Eleven seniors have been named Torchbearers, the University of Tennessee, Knoxville’s highest undergraduate honor.
Each member of the newest group of Torchbearers learned of their selection through a surprise visit from either Chancellor Donde Plowman or a member of her cabinet in late March. The students were surprised during a normal day on campus among their friends, peers, professors and mentors.
Since 1968, the Torchbearer — UT’s official symbol — has stood as a testament to the university’s Volunteer Creed: “One that beareth a torch shadoweth oneself to give light to others.” Through their exemplary leadership and service, this year’s Torchbearers light the way for future generations of Volunteers.
Meet the 2023 Torchbearers
Patrick Angelaccio, of Palatine, Illinois, is pursuing a degree in social work. As a student director for Ignite, he has helped more than 500 incoming first-year students connect with other incoming and current students and facilitated experiences to promote social, personal and leadership success. Angelaccio gives campus tours to prospective Vols as a student ambassador. He is a member of the 1794 Scholars Program and the College of Social Work Honors Program. Angelaccio created “The Empathy Podcast” to provide students with a forum to share their life experiences and has volunteered 226 hours with nonprofits and community partners across the greater Knoxville area.
Jordan Brown, of Memphis, Tennessee, is majoring in psychology and sociology with a concentration in criminology and criminal justice with a minor in political science. She served as 2022-23 president of the Student Government Association and received the SGA Visionary Award. Brown is a member of the Chancellor’s Advisory Board, a Jones Center for Leadership and Success ambassador and a Minority Enhancement for the University of Tennessee Scholar. She is a member of Phi Beta Kappa honor society and the 1794 Scholars Program and serves as an undergraduate research assistant in the Department of Psychology.
Daniel Dassow, of Lookout Mountain, Tennessee, studies English and religious studies. He has explored multiple facets of his passion for writing, serving as editor-in-chief of UT’s campus newspaper, The Daily Beacon, a tutor in the Judith Anderson Herbert Writing Center, a contributor the Phoenix Literary Arts magazine and a science writer for the highly selective Research Experiences for Undergraduates in Chemistry program. Dassow has been honored for his writing with the Department of English Undergraduate Essay Prize and awards from Appalachia Bare’s George Washington Harris Short Story Contest and the University Libraries National Novel Writing Month Short Story Contest. Dassow serves on the leadership team of Reformed University Fellowship – International and is a member of the Phi Beta Kappa honor society.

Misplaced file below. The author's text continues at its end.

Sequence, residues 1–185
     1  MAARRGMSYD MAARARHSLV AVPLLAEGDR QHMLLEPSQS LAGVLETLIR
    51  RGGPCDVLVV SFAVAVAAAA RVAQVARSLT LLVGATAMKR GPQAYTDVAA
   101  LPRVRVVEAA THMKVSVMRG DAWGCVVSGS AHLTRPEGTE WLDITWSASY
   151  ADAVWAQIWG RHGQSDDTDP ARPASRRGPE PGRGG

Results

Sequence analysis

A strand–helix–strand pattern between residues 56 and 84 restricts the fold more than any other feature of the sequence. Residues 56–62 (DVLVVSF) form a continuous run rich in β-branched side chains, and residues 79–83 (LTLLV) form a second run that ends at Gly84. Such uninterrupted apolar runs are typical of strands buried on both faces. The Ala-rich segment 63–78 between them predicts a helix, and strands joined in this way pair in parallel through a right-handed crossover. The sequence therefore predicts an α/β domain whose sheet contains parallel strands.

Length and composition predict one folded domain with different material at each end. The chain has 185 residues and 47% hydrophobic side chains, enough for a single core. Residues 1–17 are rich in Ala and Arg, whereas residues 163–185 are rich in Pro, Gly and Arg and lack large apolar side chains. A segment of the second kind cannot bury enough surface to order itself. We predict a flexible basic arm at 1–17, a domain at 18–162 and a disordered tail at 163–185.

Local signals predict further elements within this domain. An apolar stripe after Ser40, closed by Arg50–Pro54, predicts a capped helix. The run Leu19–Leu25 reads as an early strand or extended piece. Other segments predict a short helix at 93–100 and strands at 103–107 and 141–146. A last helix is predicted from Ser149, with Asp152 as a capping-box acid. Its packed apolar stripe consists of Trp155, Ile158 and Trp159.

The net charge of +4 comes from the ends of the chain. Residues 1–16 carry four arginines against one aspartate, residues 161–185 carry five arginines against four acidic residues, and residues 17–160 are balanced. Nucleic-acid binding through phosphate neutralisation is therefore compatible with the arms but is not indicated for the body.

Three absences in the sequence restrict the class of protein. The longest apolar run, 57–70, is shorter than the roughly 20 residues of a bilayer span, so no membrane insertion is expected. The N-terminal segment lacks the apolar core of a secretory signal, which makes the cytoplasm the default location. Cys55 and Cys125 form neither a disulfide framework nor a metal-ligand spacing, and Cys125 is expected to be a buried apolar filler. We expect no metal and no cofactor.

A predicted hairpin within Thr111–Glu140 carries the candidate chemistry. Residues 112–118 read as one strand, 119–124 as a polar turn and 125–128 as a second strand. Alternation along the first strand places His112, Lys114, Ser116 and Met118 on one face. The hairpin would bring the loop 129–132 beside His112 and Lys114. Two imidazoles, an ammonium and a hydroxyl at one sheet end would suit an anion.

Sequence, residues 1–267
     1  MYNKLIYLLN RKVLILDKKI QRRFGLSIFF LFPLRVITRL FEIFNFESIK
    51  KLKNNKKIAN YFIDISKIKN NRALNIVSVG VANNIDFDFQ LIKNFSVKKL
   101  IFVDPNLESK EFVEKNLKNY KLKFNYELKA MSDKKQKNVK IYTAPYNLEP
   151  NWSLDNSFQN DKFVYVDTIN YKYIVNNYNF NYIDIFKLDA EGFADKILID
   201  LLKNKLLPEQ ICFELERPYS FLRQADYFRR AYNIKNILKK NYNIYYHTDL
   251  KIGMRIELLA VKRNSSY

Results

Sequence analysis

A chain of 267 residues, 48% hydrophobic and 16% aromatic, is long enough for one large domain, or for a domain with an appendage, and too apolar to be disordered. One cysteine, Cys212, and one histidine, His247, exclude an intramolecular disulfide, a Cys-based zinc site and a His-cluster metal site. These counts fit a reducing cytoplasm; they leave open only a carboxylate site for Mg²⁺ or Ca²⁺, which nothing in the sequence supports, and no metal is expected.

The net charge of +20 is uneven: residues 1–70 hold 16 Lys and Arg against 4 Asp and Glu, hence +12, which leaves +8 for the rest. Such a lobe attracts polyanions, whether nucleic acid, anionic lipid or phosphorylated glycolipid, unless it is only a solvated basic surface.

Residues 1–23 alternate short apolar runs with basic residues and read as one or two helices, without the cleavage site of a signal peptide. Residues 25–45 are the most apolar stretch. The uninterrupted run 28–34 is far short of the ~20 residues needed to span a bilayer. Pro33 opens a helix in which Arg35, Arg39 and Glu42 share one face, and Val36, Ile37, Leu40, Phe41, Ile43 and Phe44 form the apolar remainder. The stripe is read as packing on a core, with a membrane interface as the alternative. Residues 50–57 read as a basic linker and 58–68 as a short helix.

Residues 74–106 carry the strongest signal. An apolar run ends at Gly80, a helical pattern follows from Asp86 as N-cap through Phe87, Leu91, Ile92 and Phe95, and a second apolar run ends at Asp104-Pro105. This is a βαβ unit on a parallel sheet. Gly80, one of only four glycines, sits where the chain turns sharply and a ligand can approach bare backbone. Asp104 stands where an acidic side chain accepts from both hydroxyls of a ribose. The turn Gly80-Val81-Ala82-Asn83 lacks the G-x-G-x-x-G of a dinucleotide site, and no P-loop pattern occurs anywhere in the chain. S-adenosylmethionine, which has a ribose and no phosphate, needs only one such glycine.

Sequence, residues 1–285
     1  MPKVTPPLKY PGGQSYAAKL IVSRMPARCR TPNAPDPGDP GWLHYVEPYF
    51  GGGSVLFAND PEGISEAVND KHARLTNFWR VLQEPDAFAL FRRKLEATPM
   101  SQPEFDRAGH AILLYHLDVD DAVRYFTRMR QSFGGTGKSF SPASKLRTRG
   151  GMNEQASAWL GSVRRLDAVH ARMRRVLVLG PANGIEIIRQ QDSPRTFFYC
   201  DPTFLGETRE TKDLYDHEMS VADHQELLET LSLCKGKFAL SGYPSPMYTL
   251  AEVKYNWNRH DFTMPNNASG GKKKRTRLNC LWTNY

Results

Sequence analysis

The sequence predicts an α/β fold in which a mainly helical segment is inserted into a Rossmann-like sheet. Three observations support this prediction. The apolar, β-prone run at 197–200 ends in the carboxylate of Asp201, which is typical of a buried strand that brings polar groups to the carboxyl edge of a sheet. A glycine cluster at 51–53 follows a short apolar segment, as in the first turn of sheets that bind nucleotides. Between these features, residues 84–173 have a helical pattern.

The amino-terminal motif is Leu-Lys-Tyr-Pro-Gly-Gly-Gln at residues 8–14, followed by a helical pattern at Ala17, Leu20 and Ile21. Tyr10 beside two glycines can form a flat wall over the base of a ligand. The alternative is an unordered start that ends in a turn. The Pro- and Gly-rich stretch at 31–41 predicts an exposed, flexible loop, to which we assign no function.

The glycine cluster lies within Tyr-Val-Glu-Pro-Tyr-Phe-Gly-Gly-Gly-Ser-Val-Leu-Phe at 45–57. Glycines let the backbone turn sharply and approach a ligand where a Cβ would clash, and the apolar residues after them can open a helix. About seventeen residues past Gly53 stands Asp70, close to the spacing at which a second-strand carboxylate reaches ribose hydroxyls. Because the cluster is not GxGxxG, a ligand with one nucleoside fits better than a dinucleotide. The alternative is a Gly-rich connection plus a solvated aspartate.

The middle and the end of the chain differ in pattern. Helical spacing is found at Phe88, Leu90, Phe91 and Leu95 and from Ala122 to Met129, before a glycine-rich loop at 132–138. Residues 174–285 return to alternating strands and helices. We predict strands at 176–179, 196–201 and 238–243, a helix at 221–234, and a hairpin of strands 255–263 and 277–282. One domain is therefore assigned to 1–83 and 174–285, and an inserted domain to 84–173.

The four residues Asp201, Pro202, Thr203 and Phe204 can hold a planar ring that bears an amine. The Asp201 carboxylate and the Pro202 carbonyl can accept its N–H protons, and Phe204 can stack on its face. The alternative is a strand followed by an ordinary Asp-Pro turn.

Pilar Garcia, of Chapel Hill, Tennessee, studies English with a minor in journalism and electronic media. Garcia serves as president of UT’s Native American Student Association, developing programming for Native American Heritage Month and generating ideas for coalition work with other student organizations. As a research assistant in the Department of English, they helped develop an exhibition and website for UT’s McClung Museum of Natural History and Culture in partnership with four Native nations. Garcia is the guiding force behind Sigma Tau Delta’s Writer’s Block, a monthly event where students can read and share their poetry, short fiction and other creative pieces with fellow students. Garcia is president of the Alpha Epsilon Chi chapter of English honor society Sigma Tau Delta and a member of the 1794 Scholars Program.
Juliet Gear, of Franklin, Tennessee, studies communication studies and political science. Gear served as chief of staff for the 2022-23 Student Government Association, where she coordinates events and advocates for her peers. As a student worker with UT’s Howard H. Baker Jr. Center for Public Policy, she helped create the Knoxville Fellows Program, which places UT students in city and county government offices. Gear is a student fellow with the Institute of American Civics, a Leadership Knoxville Scholar and an undergraduate research assistant in the Department of Political Science, and she has participated in the VOLbreaks program.